The reason I am sharing this, is to say you might like to find an older dog that has had some training. With so many people displace right now by a rough economy you might find a real jewel.
    I believe that rescued dogs KNOW that they are rescued and are so loyal to their owners.
    I wish you the best, and you are doing the right thing by following your instincts.
    Sincerest Wishes, Bunny [​IMG]

    Also, I thought you might like to take a look at this link about the top 10 biting dogs in the US.
    The Golden was not on the list.

    Additional information that is good for any dog owner to know may be found here:
    Last edited: Oct 30, 2010

  10. BlacksheepCardigans

    BlacksheepCardigans Songster

    Oct 11, 2010
    Southeast NH
    Dogs are just like any other animal bred for show (chickens too!). If you want one that kind of looks like it might be related to a Golden but nothing else, buy one for $300 from a newspaper. If you want one who not only looks but ACTS like a Golden, and you want the knowledge and support behind it, you need to go to a show breeder.

    I would never pay $300 for a Golden. I can guarantee that what I'm buying is, well, sort of like a counterfeit $20 bill. Kind of looks right but nothing behind it. $300 actually isn't cheap for a dog like that, because it's really worth zero. I would either rescue a Golden (my first choice, always, if you don't need to have a purebred who behaves like or reproduces like a purebred), which means your $300 or so gets you a dog who's been spayed or neutered and healthy (i.e., you're really paying for the vet costs that go into the dog) or I'd pay $1500 or $2000 for a purebred, which is how much it costs to get one that belongs to the name.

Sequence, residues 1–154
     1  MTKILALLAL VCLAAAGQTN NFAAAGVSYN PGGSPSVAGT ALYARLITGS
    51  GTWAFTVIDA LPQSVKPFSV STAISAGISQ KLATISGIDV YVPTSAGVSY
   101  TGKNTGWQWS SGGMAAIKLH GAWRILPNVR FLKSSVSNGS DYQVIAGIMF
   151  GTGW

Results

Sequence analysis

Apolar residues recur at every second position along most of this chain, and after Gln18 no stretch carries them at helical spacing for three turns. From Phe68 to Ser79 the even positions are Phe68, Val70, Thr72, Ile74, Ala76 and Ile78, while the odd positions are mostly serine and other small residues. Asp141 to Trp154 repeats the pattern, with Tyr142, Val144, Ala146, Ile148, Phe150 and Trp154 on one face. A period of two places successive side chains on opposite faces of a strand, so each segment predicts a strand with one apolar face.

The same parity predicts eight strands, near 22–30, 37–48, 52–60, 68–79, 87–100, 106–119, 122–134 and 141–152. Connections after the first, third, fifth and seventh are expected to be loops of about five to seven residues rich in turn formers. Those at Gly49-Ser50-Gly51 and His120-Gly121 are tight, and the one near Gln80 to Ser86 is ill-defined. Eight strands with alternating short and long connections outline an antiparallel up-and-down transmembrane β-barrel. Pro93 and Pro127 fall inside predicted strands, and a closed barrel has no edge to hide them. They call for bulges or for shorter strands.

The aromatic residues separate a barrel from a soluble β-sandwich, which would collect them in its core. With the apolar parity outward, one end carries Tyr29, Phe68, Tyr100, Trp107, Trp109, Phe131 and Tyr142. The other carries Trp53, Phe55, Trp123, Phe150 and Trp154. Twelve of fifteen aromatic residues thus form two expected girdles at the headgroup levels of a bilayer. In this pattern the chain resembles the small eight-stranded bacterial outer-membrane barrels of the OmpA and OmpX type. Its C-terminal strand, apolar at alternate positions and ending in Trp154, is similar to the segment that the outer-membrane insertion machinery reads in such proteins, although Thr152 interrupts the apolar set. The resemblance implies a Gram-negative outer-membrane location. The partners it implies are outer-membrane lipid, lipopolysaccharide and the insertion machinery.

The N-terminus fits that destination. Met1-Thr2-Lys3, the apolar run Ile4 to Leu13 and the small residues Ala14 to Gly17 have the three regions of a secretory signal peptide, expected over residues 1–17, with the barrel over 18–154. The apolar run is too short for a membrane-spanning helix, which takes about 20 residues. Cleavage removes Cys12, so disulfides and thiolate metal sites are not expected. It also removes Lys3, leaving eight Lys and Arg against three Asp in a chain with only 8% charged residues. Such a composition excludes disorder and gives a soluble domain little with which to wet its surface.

Breeding dogs is one gigantic money pit, because each individual dog must prove him- or herself before we breed them. We spend an average of five to fifteen grand just getting a championship (that's entry fees, handling fees, and travel - doesn't count raising the dog, training, etc.), the field breeders spend even more putting their titles on the dogs, and then a couple grand for health testing before each litter. Stud fees are over a thousand now, c-sections are around $1600. When we ask $1500 for a puppy we're only stemming the losses, not making anything. That's why well-bred puppies are so expensive, and why "cheap" puppies are almost always an indication that the breeder is doing something very, very wrong.

    It IS up to them, but if you can possibly encourage them to go to rescue, rather than encourage a bad breeder to do it again next year, the whole Golden world would cheer for you.

    Joanna Kimball